Saturday, June 11, 2011

QUAKE 2



QUAKE 2
Developer - Hammerhead
Publisher - Activision
Release date – October 1999

Quake II is a first-person shooter video game released in December 1997. It was developed by id Software and published by Activision. It is not a direct sequel to Quake; id decided to revert to an existing trademark when they were unable to agree on a new name that did not violate another company's trademark.

The soundtrack for Quake II was mainly provided by Sonic Mayhem, with some additional tracks by Bill Brown; the main theme was also composed by Bill Brown and Rob Zombie, and one track was by Jer Sypult.


Story

Quake II takes place in a science fiction environment. In the single-player game, the player assumes the role of a Marine named Bitterman taking part in "Operation Alien Overlord", a desperate attempt to prevent an alien invasion of Earth by launching a counterattack against the home planet of the hostile Strogg civilization. Most of the other soldiers are captured or killed as soon as they approach the planned landing zone. Bitterman survives only because another Marine's personal capsule collided with his upon launch, causing him to crash far short of the landing zone. It falls upon Bitterman to penetrate the Strogg capital city alone and assassinate the Strogg leader, the Makron.


Gameplay

The game is played in general first-person shooter paradigms, in which the player shoots enemies from the perspective of the main character. The gameplay is very similar to that featured in Quake, in terms of movement and controls, although the player's movement speed has been slowed down, and the player now has the ability to crouch. The game retains four of the eight weapons from Quake (the Shotgun, Super Shotgun, Grenade Launcher, and Rocket Launcher), although they have been redesigned visually and made to function in slightly different ways. The remainder of Quake's eight weapons (the Axe, Nailgun, Super Nailgun, and Thunderbolt) are not present in Quake II. The six newly introduced weapons are the Blaster, Machine Gun, Chain Gun, Hyperblaster, Railgun, and BFG10K. The Quad Damage power up from Quake is still present in Quake II, and new power-ups include the Ammo Pack, Invulnerability, Bandolier, Enviro-Suit, Rebreather, and Silencer.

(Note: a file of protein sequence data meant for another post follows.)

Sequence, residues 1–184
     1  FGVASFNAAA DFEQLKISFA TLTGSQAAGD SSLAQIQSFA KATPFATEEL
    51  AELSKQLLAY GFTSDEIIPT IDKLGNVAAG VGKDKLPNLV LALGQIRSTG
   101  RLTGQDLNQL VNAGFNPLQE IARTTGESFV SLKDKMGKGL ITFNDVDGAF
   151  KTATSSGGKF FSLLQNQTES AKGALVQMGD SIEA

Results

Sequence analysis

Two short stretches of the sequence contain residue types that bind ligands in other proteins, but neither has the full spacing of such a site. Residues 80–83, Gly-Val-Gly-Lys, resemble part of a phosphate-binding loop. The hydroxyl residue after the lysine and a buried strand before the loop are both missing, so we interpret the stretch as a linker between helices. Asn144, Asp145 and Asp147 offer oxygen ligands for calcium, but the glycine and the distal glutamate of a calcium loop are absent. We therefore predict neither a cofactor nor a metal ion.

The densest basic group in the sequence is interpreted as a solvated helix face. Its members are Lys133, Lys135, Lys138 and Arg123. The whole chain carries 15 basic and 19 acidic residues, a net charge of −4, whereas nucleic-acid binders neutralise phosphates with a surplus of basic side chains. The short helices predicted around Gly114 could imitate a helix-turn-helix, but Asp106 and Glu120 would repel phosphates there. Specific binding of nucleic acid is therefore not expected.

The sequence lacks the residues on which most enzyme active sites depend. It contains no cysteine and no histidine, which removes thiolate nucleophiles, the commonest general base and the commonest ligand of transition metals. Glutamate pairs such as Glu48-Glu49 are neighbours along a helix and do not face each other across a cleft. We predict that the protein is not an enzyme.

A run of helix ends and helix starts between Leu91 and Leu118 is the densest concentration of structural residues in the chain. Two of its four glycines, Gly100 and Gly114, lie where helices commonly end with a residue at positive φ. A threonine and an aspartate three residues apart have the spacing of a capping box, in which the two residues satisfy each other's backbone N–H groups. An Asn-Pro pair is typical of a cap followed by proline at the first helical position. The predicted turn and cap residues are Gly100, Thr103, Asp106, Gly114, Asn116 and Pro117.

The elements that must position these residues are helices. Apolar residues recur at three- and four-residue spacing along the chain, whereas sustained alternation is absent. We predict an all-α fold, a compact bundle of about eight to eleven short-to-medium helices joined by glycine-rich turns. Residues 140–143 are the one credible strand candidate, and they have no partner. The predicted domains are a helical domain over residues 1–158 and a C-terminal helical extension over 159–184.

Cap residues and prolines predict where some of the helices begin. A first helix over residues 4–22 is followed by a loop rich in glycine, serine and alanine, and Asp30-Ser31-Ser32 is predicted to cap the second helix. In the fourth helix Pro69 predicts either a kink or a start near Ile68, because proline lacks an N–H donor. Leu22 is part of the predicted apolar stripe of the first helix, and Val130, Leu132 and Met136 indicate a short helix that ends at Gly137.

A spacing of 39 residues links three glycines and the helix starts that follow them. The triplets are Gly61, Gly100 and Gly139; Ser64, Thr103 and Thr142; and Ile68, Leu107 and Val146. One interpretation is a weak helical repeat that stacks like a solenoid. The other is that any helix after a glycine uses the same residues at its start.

The single player game features a number of changes from Quake. First, the player is given mission-based objectives that correspond to the storyline, including stealing a Tank Commander's head to open a door and calling down an air-strike on a bunker. CGI cutscenes are used to illustrate the player's progress through the main objectives, although they are all essentially the same short piece of video, showing a computerized image of the player character as he or she moves through game's levels. Another addition is the inclusion of a non-hostile character type: the player character's captured comrades. It is not possible to interact with these characters, however, as they have all been driven insane by their Strogg captors.

The game features much larger levels than Quake, with many more wide open areas. There is also a hub system that allows the player to travel back and forth between levels, which is necessary to complete certain objectives. Some of the textures and symbols that appear in the game are very similar to some of those found in Quake. Enemies also demonstrate visible wounds after they have taken damage.


Development

The PlayStation version contains abridged versions of Units 1, 3, 6, 7, 8, and 10 of the PC version, redesigned to meet the console's technical limitations. For example, many short airlock-like corridors were added to maps to provide loading pauses inside what were contiguous areas in the PC version. In addition, part of the first mission of the N64 port is used as a prologue. Some enemy types were removed and two new enemies was added: the Arachnid, a human-spider cyborg with twin railgun arms, and the Guardian, a bipedal boss enemy. Saving the game is only possible between levels and at mid-level checkpoints where the game loads, while in the PC version the game could be saved and loaded at any time. The game supports the PlayStation Mouse peripheral to provide a greater parity with the PC version's gameplay. The music used in this port is a combination of the Quake II original music score and tracks from the PC version's mission packs, while the opening and closing cut-scenes are taken from the Ground Zero expansion pack.

The PlayStation version uses a new engine developed by Hammerhead for their future PlayStation projects and runs at a 520x240 resolution at 30 frames per second. The developer was keen to retain a visual parity with the PC version and avoid tricks such as the use of environmental fog. Colored lights for levels and enemies, and yellow highlights for gunfire and explosions, are carried across from the PC version, with the addition of lens flare effects located around the light sources on the original lightmaps. There is no skybox; instead, a flat Gouraud-textured purple sky is drawn around the top of the level. The game uses particles to render blood, debris, and rail gun beams analogously to the PC version.

There is also a split-screen multiplayer mode for two to four players (a four player game is possible using the PlayStation's Multi-tap). The only available player avatar is a modified version of the male player avatar from the PC version, the most noticeable difference being the addition of a helmet. Players can only customize the color of their avatar's armor and change their name. The twelve multiplayer levels featured are unique to the PlayStation version, with none of the PC multiplayer maps being carried over.

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